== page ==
“Take a deep breath,” the machine instructed, “and hold it.” Holding my breath, I saw a single story comprised of many, many chapters. There are the life-pages that I lived in confidence, and pages that I wrote confusion. The shattering, the story of the pieces of my life scattered in four directions. Kintsugi. The pages of the phoenix. Pages written running from my art and the matching pages of running toward it. The chapter of standing still. The pages of betrayal and the balance pages of being betrayed. “Release your breath,” the machine chirped. “Breathe naturally.”

The forest will show me fear. The forest will offer grace. The forest will reflect back to me peace if peace is what I bring to it. Someday, rather than project onto the forest, I will walk into it, become it. A reflector of projections.

Take a deep breath. I’ve never been so appreciative of breath. Hold it. What a gift. Breathe naturally. Call awe into the forest.

read Kerri’s blogpost about THE FOREST

Beg A Good Question [on Merely A Thought Monday]

She stopped, turned and went back to the truck. “What are you doing?” I asked. She pulled her camera from her purse and snapped a photo of the Sara Lee truck. She showed me the photo and slid her phone back into her purse.

“I thought this would make a good blog photo,” she said, adding, “If it wasn’t a marketing phrase it would beg a good question.”

How should goodness taste?

How should equality look?

How should community sound?

How should generosity smell?

How should love feel?

We experience the world through our senses. And then we make a story of what we sense. Senses first. Story second. It’s how the brain works. The language capacity, putting words to experience, is essentially a translation function. It does not lead, it follows. It’s why, for the most part, we choose the story we tell.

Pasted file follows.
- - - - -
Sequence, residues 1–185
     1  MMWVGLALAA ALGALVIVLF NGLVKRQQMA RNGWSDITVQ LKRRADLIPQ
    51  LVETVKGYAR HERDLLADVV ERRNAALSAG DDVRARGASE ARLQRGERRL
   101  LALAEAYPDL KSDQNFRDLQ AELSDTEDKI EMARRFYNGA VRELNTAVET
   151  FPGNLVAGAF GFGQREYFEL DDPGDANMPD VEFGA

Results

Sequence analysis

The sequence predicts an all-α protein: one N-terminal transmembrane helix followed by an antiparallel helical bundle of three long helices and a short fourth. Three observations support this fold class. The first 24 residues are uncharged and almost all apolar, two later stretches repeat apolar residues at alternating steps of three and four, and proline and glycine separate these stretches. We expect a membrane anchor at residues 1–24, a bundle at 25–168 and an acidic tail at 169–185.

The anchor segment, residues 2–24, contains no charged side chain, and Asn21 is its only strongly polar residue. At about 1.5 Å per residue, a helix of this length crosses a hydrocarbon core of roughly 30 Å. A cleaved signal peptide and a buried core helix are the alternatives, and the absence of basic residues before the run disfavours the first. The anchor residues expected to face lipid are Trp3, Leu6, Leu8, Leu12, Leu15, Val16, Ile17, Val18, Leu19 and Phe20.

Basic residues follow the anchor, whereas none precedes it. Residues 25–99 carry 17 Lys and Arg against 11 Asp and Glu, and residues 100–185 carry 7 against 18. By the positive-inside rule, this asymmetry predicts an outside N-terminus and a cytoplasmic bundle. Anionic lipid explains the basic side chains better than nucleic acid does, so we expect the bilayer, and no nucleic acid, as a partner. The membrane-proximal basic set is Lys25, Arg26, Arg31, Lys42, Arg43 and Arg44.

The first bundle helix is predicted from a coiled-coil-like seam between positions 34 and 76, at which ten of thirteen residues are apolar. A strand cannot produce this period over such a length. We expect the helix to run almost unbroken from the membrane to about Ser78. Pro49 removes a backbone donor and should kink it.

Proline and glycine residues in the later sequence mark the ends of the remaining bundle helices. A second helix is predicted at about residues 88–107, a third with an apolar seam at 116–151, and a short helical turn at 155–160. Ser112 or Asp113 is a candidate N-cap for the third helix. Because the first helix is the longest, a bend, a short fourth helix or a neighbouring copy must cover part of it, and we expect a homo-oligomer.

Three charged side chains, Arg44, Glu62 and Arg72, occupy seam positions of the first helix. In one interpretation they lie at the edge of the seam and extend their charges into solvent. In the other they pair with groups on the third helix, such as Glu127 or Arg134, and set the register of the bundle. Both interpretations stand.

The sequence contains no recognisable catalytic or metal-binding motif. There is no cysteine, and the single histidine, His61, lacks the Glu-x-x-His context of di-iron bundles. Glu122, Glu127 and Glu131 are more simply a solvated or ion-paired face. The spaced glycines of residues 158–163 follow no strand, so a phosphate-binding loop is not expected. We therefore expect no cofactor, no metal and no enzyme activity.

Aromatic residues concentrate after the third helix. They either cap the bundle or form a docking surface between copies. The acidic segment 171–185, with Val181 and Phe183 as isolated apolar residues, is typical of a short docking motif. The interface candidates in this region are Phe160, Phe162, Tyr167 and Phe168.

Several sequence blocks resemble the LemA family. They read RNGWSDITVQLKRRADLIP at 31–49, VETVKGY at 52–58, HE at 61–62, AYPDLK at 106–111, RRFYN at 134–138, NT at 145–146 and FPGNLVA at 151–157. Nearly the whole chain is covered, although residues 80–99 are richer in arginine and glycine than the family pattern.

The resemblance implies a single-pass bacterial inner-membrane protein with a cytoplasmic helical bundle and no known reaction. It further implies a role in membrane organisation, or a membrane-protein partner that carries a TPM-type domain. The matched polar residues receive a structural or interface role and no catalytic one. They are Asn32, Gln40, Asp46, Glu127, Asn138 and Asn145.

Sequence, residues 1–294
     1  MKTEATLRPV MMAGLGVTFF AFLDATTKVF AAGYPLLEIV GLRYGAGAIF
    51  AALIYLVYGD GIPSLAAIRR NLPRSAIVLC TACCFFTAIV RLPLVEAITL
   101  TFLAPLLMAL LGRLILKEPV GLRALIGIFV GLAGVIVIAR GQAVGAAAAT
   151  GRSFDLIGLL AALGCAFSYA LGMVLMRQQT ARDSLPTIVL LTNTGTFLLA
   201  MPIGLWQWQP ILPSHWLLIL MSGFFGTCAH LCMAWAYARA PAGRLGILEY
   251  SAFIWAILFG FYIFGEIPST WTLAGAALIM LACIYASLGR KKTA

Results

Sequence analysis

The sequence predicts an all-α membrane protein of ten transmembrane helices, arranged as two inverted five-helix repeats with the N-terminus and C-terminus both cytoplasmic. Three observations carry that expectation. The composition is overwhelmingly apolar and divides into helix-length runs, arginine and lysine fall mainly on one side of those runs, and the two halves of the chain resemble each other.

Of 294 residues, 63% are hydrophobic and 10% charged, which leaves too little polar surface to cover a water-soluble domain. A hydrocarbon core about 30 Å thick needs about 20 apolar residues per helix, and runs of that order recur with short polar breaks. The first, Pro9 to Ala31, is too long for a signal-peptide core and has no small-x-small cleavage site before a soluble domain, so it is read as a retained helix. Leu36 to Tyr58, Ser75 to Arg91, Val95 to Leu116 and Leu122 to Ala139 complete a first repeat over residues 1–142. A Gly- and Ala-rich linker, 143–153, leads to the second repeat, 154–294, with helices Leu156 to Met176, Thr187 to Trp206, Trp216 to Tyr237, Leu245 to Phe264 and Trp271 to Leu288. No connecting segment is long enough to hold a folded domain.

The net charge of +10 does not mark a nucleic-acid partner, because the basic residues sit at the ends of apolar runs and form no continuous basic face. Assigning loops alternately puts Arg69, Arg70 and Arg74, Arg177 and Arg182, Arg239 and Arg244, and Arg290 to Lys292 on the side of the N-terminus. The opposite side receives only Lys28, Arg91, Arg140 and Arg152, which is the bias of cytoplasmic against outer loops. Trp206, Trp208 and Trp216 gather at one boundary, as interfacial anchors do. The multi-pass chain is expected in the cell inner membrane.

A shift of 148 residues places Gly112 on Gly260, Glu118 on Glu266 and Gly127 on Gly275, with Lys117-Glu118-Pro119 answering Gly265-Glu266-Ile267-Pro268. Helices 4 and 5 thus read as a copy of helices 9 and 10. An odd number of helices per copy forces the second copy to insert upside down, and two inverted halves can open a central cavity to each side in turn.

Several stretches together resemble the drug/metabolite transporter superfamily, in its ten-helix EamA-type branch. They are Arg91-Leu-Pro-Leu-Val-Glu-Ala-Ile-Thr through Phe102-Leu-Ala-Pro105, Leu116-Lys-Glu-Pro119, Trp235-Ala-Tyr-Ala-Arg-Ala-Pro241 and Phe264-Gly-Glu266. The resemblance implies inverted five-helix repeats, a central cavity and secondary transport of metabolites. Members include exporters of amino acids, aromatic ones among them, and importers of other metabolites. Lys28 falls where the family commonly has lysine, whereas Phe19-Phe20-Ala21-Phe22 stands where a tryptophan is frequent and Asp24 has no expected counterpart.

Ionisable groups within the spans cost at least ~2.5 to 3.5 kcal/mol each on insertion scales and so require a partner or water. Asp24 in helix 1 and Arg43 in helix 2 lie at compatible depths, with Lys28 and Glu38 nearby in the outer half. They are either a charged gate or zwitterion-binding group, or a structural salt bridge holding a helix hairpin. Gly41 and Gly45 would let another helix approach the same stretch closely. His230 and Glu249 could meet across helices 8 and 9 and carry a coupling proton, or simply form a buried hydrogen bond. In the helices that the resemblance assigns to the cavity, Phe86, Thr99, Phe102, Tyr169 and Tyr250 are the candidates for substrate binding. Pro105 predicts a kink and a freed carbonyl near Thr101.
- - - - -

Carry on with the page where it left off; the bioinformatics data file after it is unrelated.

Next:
The word that strikes me the most on the bread truck photo is “should.” How should goodness taste?

How does goodness taste? To you?

How does equality look? To you?

For you, what’s the sound of thriving community?

To me, generosity smells like fresh baked bread and hot dark coffee. You?

And love? There are no words. But you know it when you feel it.

read Kerri’s blogpost about GOODNESS

Love What You Bring [on Two Artists Tuesday]

“Only mediocrity is sure of itself…” ~ Paulo Coelho, Aleph

Sometimes I wonder why I spent so much of my life believing I was a fraud. I was provided with great mentors, each relaying the same message: vibrant life is never found in what you know. The point of life is to step toward not-knowing. And, yet, for years, I abused myself with accusations of not-knowing. It was proof that I was a fraud. I was certain everyone else knew.